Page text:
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Riskless Borrowing and Lending Now investors can allocate their money across the T-bills and a balanced mutual fund 100% bonds 100% stocks rfrf return Balanced fund CML

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Riskless Borrowing and Lending With a risk-free asset available and the efficient frontier identified, we choose the capital allocation line with the steepest slope return PP efficient frontier rfrf CML

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Market Equilibrium With the capital allocation line identified, all investors choose a point along the line—some combination of the risk-free asset and the market portfolio M. In a world with homogeneous expectations, M is the same for all investors. return PP efficient frontier rfrf M CML

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The Separation Property The Separation Property states that the market portfolio, M, is the same for all investors—they can separate their risk aversion from their choice of the market portfolio. return PP efficient frontier rfrf M CML

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The Separation Property Investor risk aversion is revealed in their choice of where to stay along the capital allocation line—not in their choice of the line. return PP efficient frontier rfrf M CML

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Market Equilibrium Just where the investor chooses along the Capital Asset Line depends on his risk tolerance. The big point though is that all investors have the same CML. 100% bonds 100% stocks rfrf return Balanced fund CML

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Market Equilibrium All investors have the same CML because they all have the same optimal risky portfolio given the risk-free rate. 100% bonds 100% stocks rfrf return Optimal Risky Porfolio CML

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The Separation Property The separation property implies that portfolio choice can be separated into two tasks: (1) determine the optimal risky portfolio, and (2) selecting a point on the CML. 100% bonds 100% stocks rfrf return Optimal Risky Porfolio CML

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Optimal Risky Portfolio with a Risk-Free Asset By the way, the optimal risky portfolio depends on the risk-free rate as well as the risky assets. 100% bonds 100% stocks return First Optimal Risky Portfolio Second Optimal Risky Portfolio CML 0 CML 1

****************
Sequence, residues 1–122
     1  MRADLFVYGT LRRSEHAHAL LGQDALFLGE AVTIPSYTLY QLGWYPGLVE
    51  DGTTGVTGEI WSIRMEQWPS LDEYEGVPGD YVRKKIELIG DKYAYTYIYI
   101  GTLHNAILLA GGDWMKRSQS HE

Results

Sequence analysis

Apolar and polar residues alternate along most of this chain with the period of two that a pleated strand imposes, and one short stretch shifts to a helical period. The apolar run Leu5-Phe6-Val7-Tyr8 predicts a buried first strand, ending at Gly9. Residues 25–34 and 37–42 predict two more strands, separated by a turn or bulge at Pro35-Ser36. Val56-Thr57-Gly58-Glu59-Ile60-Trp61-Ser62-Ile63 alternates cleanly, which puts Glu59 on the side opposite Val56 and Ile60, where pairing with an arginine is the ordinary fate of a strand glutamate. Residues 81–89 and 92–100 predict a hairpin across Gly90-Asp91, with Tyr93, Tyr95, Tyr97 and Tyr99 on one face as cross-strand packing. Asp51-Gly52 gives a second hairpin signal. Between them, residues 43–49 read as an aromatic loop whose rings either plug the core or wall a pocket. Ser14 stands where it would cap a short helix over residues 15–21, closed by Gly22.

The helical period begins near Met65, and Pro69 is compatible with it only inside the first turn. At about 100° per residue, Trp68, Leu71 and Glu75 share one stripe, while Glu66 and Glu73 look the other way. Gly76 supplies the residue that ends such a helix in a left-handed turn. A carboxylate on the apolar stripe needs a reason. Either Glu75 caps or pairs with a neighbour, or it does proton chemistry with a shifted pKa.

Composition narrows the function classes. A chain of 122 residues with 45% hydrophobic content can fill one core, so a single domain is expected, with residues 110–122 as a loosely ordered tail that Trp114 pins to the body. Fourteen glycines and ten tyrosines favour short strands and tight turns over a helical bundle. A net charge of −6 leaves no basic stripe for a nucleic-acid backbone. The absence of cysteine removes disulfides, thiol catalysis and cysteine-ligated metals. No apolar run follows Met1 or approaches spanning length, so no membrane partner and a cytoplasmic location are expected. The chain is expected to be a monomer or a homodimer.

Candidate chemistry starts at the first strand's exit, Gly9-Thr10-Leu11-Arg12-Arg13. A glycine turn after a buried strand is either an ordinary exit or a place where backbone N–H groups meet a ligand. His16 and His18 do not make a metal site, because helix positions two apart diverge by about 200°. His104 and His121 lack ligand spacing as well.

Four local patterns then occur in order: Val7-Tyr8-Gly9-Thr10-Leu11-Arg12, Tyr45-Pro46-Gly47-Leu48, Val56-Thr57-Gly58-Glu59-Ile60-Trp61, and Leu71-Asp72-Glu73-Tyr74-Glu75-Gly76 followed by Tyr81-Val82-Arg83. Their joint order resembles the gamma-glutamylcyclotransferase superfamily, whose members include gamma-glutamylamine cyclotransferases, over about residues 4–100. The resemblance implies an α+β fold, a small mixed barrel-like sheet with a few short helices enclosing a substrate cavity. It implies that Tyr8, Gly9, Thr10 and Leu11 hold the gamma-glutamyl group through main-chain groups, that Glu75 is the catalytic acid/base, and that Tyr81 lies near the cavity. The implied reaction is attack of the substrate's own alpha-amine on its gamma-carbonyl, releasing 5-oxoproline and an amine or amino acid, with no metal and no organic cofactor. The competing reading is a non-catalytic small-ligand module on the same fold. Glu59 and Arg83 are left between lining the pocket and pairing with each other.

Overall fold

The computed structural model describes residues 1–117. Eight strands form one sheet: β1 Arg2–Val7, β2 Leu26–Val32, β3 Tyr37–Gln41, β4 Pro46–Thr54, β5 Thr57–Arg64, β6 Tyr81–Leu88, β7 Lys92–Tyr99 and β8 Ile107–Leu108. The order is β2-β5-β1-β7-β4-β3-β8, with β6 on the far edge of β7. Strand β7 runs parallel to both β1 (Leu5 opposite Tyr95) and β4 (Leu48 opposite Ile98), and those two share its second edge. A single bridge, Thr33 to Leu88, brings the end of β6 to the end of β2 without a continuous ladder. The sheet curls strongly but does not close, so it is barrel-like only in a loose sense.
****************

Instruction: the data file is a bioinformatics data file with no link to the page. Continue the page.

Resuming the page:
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Definition of Risk When Investors Hold the Market Portfolio Researchers have shown that the best measure of the risk of a security in a large portfolio is the beta ( )of the security. Beta measures the responsiveness of a security to movements in the market portfolio.

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Estimating with regression Security Returns Return on market % R i = i + i R m + e i Slope = i Characteristic Line

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The Formula for Beta Clearly, your estimate of beta will depend upon your choice of a proxy for the market portfolio.

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Relationship between Risk and Expected Return (CAPM) Expected Return on the Market: Expected return on an individual security: Market Risk Premium This applies to individual securities held within well- diversified portfolios.

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Expected Return on an Individual Security This formula is called the Capital Asset Pricing Model (CAPM) Assume i = 0, then the expected return is R F. Assume i = 1, then Expected return on a security = Risk-free rate + Beta of the security × Market risk premium

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Relationship Between Risk & Expected Return Expected return 1.0

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Relationship Between Risk & Expected Return Expected return 1.5